- Lost in the Jungle, Murloc Tidecaller, Righteous Protector – 1-drops are very important in every matchup, but especially against Aggro and especially in this deck. You want to stay ahead on the board because a) you’re playing an Aggro deck and b) your Murlocs heavily benefit from having more of them on the board. That’s why a good 1-drop opening is amazing. Generally, Murloc Tidecaller is the best 1-drop to keep if you also have a Rockpool Hunter. If you don’t, Lost in the Jungle and Righteous Protector will probably be slightly better.
- Rockpool Hunter – Landing a buff with Rockpool Hunter on turn 2 can be game-winning. But even if you don’t, it’s still your highest tempo 2-drop.
- Call to Arms – Even if you somehow fall behind in the early game, Call to Arms has a super high chance to get you back into the game. With just a single card, you should be able to create a pretty solid board presence, possibly put a Taunt (Protector) in the way and throw some knives (Juggler). Great keep even after the nerfs.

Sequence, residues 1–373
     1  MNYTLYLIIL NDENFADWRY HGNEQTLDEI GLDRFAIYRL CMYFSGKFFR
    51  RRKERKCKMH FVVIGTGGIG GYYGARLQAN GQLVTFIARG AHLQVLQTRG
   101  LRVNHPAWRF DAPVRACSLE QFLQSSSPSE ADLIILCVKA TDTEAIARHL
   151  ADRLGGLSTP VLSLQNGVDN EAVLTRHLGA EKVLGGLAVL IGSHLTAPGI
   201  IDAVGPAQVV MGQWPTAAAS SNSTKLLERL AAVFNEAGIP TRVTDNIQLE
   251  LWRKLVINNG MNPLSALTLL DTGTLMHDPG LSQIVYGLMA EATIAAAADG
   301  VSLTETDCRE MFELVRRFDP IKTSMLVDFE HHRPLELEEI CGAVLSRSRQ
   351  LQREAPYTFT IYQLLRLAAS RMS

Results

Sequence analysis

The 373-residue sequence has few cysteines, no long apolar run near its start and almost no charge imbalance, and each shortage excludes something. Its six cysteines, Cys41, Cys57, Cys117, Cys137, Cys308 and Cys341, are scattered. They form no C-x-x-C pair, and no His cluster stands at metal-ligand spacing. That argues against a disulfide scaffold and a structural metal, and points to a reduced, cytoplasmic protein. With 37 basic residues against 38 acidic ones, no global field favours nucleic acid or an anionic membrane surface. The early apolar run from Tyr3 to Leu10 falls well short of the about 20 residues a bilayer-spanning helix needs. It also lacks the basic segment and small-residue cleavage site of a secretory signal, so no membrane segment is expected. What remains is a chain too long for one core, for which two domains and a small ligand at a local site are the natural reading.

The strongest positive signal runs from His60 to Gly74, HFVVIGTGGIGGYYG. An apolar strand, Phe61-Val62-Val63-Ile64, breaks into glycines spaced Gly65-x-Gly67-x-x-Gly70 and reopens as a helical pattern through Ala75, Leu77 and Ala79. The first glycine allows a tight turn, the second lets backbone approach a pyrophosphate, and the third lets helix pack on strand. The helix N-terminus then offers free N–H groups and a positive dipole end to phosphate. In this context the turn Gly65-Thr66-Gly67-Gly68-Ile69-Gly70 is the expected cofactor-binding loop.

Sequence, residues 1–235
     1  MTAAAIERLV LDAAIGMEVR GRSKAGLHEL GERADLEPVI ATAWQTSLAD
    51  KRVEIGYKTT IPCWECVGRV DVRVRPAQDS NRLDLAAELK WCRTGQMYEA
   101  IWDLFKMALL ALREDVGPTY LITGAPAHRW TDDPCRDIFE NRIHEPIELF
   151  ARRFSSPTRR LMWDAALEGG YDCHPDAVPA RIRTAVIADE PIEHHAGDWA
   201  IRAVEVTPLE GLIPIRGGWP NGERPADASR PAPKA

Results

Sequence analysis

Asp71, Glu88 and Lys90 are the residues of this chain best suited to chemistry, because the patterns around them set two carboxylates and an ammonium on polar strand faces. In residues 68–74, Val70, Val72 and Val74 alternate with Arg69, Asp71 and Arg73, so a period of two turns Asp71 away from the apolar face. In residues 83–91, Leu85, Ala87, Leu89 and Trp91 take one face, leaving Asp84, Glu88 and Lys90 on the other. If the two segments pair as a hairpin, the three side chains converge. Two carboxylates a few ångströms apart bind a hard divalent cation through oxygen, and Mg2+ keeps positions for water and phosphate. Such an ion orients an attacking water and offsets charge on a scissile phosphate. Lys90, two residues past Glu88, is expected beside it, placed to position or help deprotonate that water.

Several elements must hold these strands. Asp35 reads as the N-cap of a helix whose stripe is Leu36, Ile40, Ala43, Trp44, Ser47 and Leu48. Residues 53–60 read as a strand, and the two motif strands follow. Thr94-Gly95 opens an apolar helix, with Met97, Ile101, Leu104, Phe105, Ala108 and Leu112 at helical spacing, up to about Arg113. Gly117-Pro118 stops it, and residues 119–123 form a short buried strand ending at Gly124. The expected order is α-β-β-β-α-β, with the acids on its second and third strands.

Lower Priority (keep only if certain conditions are met):
- Hydrologist – Only if you have a 1-drop, but don’t have a Turn 2 Rockpool to follow up. While the extra effect of gaining a Secret is great, it’s just a bit too slow in Aggro matchups – 2/2 body for 2 is not that great.
- Unidentified Maul – With a 1-drop and 2-drop already. Weapon is great to control the board, but if won’t be enough if you pass Turn 1 and Hero Power on Turn 2, that’s why your small minions have a higher mulligan priority.
Vs Slow Decks
Higher Priority (keep every time):
- Lost in the Jungle, Murloc Tidecaller, Righteous Protector – Just like against fast decks, you still want to open with a 1-drop. This time you won’t need it as much to control the board as to simply deal damage – let’s say 2x 1/1 on Turn 1, if left unanswered, can deal some serious damage over the course of a few turns. In slow matchups, Murloc Tidecaller is your best 1-drop, but you will gladly take any of them, to be honest.